Note:  Do not rely on this information. It is very old.


Montgomeryshire, an inland county of North Wales, 40 miles long by 33 miles broad, and containing 773 square miles, one-third of which is pasture. It has Denbigh on the N.E., Merioneth N.W., Salop E., Radnor S., and Cardigan S.W. The surface is broken and undulating, and in parts mountainous, especially where it rises towards Plinlimmon on the borders of Cardigan. In the N.E. are the Berwyn Mountains, and towards the English border are the Breidden Hills, near Shrewsbury. Much of the land is barren, but there are fertile, well-wooded valleys, and oats and fruit are grown, while large flocks are fed upon the uplands. The rivers are the Severn, with its tributaries the Vyrnwy (the valley of which has been turned into a reservoir for the Liverpool water-supply) and the Dovey or Dyfl (noted for its fish), and the Wye which flows into Radnor. In the wide river valleys much oak and other timber is found. A canal, 27 miles long, connects with the Ellesmere Canal, and gives communication with Chester and Shrewsbury. The mineral products are lead, zinc, slate, and limestone, the first being the most important. Welsh flannel is manufactured at Newtown, and woollen cloth in most of the towns. Llanidloes and Welshpool are municipal boroughs.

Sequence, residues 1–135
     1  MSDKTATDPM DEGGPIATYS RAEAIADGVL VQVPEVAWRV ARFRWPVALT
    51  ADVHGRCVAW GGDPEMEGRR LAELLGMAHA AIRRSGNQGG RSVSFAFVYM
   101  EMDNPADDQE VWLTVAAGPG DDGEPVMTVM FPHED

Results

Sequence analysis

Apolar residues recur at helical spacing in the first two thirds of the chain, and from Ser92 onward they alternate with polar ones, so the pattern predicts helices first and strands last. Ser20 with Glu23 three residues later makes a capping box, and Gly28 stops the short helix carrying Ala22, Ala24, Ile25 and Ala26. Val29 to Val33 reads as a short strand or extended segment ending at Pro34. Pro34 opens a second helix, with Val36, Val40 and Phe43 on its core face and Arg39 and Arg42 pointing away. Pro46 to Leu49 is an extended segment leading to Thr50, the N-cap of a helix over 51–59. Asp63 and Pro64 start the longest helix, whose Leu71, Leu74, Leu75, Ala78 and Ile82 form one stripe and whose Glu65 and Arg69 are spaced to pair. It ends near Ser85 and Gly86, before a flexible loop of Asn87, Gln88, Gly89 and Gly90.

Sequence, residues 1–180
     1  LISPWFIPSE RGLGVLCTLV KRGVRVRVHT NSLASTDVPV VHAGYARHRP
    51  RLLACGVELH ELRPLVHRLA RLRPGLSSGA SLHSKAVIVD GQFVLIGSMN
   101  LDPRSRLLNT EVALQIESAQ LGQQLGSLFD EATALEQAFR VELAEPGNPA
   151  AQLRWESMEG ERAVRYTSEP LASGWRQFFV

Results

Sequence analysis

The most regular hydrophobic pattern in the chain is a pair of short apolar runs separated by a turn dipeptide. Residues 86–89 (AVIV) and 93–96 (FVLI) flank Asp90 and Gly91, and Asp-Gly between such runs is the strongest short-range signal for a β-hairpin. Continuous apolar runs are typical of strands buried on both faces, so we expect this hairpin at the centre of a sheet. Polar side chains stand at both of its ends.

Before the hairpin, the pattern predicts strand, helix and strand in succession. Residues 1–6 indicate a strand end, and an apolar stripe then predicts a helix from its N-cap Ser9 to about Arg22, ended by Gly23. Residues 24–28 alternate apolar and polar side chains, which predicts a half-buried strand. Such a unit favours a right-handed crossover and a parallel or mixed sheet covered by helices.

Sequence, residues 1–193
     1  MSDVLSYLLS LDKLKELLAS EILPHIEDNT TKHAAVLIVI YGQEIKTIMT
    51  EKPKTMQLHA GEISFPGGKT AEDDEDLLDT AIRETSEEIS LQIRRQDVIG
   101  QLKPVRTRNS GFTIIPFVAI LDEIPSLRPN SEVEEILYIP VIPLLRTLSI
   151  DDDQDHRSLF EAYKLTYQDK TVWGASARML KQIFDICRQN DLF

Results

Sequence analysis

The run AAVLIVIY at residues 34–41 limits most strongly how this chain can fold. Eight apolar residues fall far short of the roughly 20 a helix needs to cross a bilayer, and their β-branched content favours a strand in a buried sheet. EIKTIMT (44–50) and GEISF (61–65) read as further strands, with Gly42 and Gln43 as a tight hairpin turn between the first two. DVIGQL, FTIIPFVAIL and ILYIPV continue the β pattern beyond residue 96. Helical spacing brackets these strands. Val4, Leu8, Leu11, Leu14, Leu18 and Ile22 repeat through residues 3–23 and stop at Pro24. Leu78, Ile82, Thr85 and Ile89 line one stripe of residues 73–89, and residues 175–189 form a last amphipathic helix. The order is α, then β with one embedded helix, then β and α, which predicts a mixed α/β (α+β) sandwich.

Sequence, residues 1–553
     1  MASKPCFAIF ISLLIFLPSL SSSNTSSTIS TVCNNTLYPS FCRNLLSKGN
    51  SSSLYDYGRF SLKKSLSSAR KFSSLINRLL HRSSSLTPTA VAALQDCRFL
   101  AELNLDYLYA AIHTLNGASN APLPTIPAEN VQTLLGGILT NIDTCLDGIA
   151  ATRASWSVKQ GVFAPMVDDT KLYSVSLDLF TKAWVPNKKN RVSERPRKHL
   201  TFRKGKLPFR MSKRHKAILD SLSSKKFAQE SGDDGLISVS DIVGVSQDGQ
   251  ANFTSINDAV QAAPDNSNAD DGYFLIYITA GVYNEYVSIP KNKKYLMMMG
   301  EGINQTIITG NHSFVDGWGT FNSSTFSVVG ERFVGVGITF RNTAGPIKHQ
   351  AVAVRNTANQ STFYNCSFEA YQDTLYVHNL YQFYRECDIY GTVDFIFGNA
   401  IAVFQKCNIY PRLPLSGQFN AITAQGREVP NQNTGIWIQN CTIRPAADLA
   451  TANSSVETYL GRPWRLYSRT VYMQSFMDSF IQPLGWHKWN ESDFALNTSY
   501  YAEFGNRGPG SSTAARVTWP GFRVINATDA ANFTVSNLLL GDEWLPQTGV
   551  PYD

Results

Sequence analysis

The county town, Montgomery (seven miles S. of Welshpool and 53 miles N.W. of Birmingham), is on the Severn. It has a fine Early English cruciform church, and on a hill above are the ruins of a castle held by Roger de Montgomery, from whom the town takes its name. The county returns one member to Parliament, and the boroughs return one.